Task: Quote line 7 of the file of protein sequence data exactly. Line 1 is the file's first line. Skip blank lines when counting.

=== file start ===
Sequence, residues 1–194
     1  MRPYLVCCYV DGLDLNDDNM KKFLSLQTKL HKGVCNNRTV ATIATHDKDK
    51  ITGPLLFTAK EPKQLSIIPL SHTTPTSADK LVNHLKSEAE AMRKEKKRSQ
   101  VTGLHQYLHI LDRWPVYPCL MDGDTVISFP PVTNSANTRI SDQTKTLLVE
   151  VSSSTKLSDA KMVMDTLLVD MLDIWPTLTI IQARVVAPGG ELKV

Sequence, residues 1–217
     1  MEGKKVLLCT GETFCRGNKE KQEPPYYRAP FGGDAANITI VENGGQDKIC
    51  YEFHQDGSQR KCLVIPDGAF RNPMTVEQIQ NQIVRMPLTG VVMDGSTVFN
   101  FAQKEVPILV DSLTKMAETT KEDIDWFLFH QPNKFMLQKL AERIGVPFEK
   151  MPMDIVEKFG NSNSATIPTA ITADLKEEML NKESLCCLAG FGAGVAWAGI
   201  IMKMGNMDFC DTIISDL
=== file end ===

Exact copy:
     1  MEGKKVLLCT GETFCRGNKE KQEPPYYRAP FGGDAANITI VENGGQDKIC